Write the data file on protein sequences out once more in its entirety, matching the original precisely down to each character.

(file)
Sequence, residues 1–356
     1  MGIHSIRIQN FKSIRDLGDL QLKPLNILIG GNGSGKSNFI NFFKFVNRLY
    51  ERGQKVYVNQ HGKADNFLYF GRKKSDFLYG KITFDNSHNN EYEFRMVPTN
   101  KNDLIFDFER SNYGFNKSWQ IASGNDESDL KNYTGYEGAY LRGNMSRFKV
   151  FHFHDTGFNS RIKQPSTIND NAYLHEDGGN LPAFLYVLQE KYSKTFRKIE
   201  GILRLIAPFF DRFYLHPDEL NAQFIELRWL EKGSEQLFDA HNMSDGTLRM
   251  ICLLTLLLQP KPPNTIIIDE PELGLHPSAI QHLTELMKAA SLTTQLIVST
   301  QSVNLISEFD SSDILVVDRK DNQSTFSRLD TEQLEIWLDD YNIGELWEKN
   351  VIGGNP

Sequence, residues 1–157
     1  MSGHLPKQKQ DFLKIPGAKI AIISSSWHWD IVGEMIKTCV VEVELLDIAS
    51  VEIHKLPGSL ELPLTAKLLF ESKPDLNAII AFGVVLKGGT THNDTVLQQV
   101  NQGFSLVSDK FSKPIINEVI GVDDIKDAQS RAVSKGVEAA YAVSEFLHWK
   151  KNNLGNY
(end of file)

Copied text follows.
Sequence, residues 1–356
     1  MGIHSIRIQN FKSIRDLGDL QLKPLNILIG GNGSGKSNFI NFFKFVNRLY
    51  ERGQKVYVNQ HGKADNFLYF GRKKSDFLYG KITFDNSHNN EYEFRMVPTN
   101  KNDLIFDFER SNYGFNKSWQ IASGNDESDL KNYTGYEGAY LRGNMSRFKV
   151  FHFHDTGFNS RIKQPSTIND NAYLHEDGGN LPAFLYVLQE KYSKTFRKIE
   201  GILRLIAPFF DRFYLHPDEL NAQFIELRWL EKGSEQLFDA HNMSDGTLRM
   251  ICLLTLLLQP KPPNTIIIDE PELGLHPSAI QHLTELMKAA SLTTQLIVST
   301  QSVNLISEFD SSDILVVDRK DNQSTFSRLD TEQLEIWLDD YNIGELWEKN
   351  VIGGNP

Sequence, residues 1–157
     1  MSGHLPKQKQ DFLKIPGAKI AIISSSWHWD IVGEMIKTCV VEVELLDIAS
    51  VEIHKLPGSL ELPLTAKLLF ESKPDLNAII AFGVVLKGGT THNDTVLQQV
   101  NQGFSLVSDK FSKPIINEVI GVDDIKDAQS RAVSKGVEAA YAVSEFLHWK
   151  KNNLGNY